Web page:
On this platform you can perform full text searches and browse automatically transcribed documents from 19th century Finnish Renovated District Court Records.
At the moment Finnish Renovated District Court Records from the years 1809–1870 are available on the platform. As an exception, the court districts from the parts of Karelia that were ceded to the Soviet Union are not included. These documents are held at the National Archives’ Mikkeli office as a part of Viipuri hovioikeus (Court of Appeal) archives. The excluded districts are Jääski, Ranta/Stranda and Äyräpää districts (1817–) and their predecessor Viipurin kihlakunta/Viborg härad (1812–1816) on the Karelian Isthmus; as well as Salmi and Sortavala (1832–) and Käkisalmi/Kexholm (1863–) districts and their predecessors Käkisalmen pohjoinen (1812–1831), Käkisalmen keskinen (1817–1862) and Käkisalmen eteläinen (1812–1862) in Ladoga Karelia.
The Renovated District Court Records is one of the largest collections in the National Archives of Finland. The collection starts from 1623 when the lower courts were obligated to produce a copy of their court records to the newly founded Turku court of appeals, and continues until the 1970s. The 19th century Renovated Court Records are divided into two series: the main records and the notification records. The material on this platform consists of the notification records, which include registration of deeds, mortgages, traditional life-annuity and guardianship cases. Notification records can for example be used to research family history and track ownership of property.
On the Material page you can find more information about the court records and view maps of the court districts in 19th century Finland.
The transcriptions on this platform have been generated with so called HTR (Handwritten Text Recognition) technology. HTR uses artificial neural network technology to generate a text recognition model based on human transcribed text. The National Archives has trained a specific model that can read 19th Century court records, and the transcriptions have been generated automatically with this HTR model. Because all the transcriptions are made with a single recognition model, the transcriptions on some pages have more errors than on other pages. Especially the pages from the beginning of the century (before 1830s-1840s) might have more errors in the transcription.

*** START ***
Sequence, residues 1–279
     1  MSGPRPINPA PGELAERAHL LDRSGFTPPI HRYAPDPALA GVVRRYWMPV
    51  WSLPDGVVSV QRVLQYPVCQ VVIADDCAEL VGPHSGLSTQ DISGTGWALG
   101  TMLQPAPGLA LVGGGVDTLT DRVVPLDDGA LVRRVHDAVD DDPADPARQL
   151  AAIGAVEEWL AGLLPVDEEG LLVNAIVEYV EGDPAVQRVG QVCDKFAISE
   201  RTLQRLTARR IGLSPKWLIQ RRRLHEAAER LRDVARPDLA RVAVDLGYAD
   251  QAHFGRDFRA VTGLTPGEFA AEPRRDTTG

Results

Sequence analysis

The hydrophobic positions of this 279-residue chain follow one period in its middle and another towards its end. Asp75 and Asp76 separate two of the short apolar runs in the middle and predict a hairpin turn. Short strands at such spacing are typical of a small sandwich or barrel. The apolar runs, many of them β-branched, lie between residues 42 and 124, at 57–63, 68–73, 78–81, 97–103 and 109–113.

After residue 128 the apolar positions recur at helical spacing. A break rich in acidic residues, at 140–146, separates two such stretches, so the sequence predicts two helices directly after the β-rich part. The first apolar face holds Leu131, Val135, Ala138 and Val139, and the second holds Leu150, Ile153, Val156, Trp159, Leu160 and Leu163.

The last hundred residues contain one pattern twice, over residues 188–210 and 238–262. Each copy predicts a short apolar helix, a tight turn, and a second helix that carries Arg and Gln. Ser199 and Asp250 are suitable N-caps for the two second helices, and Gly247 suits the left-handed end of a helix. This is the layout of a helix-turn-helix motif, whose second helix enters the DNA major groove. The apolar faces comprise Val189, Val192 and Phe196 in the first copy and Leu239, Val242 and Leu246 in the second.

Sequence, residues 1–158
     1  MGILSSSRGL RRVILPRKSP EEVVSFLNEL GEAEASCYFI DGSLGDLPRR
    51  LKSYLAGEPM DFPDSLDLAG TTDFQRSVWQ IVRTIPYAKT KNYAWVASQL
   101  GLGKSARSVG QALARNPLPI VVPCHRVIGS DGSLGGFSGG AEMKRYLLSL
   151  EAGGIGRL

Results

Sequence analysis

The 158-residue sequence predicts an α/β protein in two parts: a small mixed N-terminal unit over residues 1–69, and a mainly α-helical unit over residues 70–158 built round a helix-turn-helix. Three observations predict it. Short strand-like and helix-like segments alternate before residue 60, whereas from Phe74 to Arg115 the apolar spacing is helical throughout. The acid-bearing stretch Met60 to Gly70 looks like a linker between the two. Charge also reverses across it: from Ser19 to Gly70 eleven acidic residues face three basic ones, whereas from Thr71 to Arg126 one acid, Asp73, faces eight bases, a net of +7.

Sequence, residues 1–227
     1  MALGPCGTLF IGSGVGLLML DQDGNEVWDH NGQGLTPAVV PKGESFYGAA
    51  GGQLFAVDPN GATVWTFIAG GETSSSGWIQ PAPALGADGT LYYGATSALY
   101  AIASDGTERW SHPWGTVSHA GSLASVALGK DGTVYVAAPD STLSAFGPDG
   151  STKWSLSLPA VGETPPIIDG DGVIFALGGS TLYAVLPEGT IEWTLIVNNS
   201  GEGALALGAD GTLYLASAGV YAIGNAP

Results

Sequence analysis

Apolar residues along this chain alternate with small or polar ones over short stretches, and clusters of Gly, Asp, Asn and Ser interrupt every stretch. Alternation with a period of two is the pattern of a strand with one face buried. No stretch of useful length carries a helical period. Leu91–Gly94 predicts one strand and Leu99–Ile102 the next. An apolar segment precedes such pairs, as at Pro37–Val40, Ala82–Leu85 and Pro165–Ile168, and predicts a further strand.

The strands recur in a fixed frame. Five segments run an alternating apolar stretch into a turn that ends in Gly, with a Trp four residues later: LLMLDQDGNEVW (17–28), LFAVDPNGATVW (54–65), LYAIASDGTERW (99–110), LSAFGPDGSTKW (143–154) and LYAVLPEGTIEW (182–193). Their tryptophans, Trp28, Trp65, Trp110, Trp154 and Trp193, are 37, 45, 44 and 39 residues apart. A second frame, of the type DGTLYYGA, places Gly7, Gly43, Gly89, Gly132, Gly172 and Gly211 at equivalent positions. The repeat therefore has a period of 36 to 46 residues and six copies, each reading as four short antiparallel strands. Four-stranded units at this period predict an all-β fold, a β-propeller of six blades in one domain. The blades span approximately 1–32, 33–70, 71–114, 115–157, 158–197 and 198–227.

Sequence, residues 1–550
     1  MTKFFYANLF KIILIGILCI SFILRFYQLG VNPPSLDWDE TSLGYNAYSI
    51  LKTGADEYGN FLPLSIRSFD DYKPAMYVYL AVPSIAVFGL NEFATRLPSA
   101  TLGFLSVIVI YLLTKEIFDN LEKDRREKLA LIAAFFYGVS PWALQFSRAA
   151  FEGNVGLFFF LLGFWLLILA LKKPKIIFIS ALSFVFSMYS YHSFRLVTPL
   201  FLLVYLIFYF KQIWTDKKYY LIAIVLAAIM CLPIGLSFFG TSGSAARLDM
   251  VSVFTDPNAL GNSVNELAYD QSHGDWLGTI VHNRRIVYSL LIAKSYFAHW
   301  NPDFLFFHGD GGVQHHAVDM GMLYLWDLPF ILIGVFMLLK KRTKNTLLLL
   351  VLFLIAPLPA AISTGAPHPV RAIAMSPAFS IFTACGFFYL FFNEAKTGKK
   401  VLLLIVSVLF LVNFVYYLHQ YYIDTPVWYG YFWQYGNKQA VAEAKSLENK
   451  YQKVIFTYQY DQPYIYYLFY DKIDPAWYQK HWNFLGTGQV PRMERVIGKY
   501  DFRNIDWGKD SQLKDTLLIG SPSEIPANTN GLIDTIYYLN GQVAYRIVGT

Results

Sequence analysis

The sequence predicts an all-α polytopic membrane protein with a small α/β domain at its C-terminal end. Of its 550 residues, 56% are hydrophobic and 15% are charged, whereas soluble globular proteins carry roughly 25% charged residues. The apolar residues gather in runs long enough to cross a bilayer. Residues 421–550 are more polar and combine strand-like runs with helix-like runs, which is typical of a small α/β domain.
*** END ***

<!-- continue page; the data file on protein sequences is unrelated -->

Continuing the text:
Searching the documents is based on keyword spotting technology (KWS) which searches your query from the confidence matrices that are based on the HTR processed image. In other words, the queried words are not searched simply from the visible text transcription but instead from the information behind the images. The HTR model assigns each letter in the alphabet a value of how certain the model is that that letter corresponds with that part of the image (i.e. a section of a word on a row) when you run the model on a page. When you search for a word, the confidence of your results are based on those confidence values. If you search for single words, you can also adjust the level of confidence. Depending on the confidence threshold of your search, with KWS you might be able to find your query even on pages where the transcription is almost illegible.
This platform was created by the National Archives of Finland within the Horizon 2020 project READ (Recognition and Enrichment of Archival Documents). The project, funded by the European Union, started in January 2016 and ended in June 2019. READ project was an international collaboration between 14 partners drawn from the domains of computer science, archives and humanities research. The aim of the project was to develop handwritten text recognition and keyword spotting technologies.
Now the work continues in the READ-COOP, a European cooperative Society. READ-COOP will serve as the basis for sustaining and further developing platforms, services and tools used in the process of recognition and enrichment of archival documents. At the National Archives work has also continued in the project Making a Modern Archive, in which technologies developed in the READ project have been implemented into the National Archives’ digital infrastructure. The project received funding from the Finnish Ministry of Education and Culture.